The United States Department of Agriculture announced earlier this month that the Biden administration will invest more than $1 billion to improve “tree equity” and expand access to green spaces.
“Trees make a difference,” the USDA stated. “Studies show that communities with access to trees and green spaces are associated with improved health outcomes, reduced crime, lower average temperatures, and an influx of other kinds of investments and new economic opportunities.”
The $1 billion in taxpayer dollars will be used for 385 grant proposals to “increase equitable access to trees and green spaces.” The grants are funded through the administration’s Inflation Reduction Act.
The USDA noted that all of the funds will go to “disadvantages [sic] communities” in “all 50 states, two U.S. territories, three U.S. affiliated Pacific islands, and in several tribal communities.”
The additional green spaces will cool city streets, improve air quality, and promote food security, health, and safety, the agency reported.
The nonprofit’s website claims that maps of tree coverage in U.S. cities are “too often a map of income and race.”
“That’s because, due to decades of redlining and other discriminatory policies, trees are often sparse in neighborhoods with more low-income families and people of color,” American Forests states.
Atlanta, a city with 47.9% tree canopy, according to American Forests, will receive a $10 million grant from the federal government to promote tree equity.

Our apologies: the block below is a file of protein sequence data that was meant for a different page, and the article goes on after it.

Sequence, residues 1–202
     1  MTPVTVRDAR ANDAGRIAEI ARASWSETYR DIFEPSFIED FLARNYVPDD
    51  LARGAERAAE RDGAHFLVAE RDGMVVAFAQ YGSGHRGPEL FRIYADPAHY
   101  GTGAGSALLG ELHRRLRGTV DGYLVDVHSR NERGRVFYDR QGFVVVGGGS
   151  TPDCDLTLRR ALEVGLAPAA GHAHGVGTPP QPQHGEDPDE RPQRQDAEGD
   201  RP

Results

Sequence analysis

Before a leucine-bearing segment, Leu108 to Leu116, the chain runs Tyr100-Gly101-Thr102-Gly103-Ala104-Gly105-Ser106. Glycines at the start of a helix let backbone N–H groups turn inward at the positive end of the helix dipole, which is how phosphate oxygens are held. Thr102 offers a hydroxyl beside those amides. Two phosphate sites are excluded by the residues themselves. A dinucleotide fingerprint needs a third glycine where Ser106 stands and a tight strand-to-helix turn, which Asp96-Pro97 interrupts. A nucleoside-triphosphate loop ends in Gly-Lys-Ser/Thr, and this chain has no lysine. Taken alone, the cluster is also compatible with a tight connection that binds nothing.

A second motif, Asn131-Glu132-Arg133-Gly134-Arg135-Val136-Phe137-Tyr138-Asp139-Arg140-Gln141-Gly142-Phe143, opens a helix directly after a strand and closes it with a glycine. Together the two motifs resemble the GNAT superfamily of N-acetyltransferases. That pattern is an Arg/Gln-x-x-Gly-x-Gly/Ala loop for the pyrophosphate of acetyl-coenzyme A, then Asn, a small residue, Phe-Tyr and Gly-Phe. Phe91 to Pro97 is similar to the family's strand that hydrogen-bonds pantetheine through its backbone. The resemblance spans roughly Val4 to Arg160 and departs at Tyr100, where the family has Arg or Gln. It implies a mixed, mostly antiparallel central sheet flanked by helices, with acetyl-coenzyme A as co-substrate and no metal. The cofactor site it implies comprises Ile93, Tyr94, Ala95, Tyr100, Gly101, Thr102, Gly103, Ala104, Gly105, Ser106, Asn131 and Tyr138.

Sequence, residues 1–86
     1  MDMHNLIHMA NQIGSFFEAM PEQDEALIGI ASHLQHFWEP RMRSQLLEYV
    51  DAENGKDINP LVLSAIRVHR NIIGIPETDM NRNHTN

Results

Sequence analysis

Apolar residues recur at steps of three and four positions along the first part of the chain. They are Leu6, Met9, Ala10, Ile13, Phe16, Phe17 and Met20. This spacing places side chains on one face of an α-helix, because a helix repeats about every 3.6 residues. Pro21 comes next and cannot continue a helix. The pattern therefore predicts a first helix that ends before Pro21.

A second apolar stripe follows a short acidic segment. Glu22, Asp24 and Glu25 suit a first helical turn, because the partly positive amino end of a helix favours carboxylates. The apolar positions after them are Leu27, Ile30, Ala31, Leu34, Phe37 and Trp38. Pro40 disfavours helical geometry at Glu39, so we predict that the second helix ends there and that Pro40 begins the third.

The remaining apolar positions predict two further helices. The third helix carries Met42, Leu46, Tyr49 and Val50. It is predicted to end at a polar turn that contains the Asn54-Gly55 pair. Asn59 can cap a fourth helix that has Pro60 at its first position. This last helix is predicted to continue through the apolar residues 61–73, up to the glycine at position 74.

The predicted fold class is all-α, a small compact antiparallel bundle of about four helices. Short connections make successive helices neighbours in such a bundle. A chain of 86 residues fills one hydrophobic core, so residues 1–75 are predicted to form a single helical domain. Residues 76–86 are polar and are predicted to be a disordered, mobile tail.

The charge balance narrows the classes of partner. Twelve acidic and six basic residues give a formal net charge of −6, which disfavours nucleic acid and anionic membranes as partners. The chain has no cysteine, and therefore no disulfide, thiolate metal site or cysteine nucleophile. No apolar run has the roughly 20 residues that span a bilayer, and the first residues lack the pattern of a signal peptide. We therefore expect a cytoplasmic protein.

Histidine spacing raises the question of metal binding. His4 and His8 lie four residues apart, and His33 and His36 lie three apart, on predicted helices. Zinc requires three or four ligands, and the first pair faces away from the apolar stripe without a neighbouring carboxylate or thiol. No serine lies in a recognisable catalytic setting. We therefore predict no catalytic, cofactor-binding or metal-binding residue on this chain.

Secretary of Agriculture Tom Vilsack said, “These investments arrive as cities across the country experience record-breaking heat waves that have grave impacts on public health, energy consumption, and overall well-being.”
“Thanks to President Biden’s Investing in America agenda, we are supporting communities in becoming more resilient to climate change and combatting extreme heat with the cooling effects of increased urban tree canopy, while also supporting employment opportunities and professional training that will strengthen local economies,” he added.
Senior adviser to the president for clean energy innovation and implementation John Podesta claimed the projects would “improve air quality, keep city streets cool during sweltering summers, tackle the climate crisis, and create safer, healthier communities in every corner of America.”
In a statement to the DCNF, the USDA said, “Urban and Community Forestry is a covered program under the Agency’s Justice40 Initiative established through Executive Order 13985.”
“To advance the mission of Justice40, the UCF program delivers 40% of the program’s investments through established and new partnerships working to support disadvantaged communities experiencing low tree canopy and environmental justice issues,” the agency noted.
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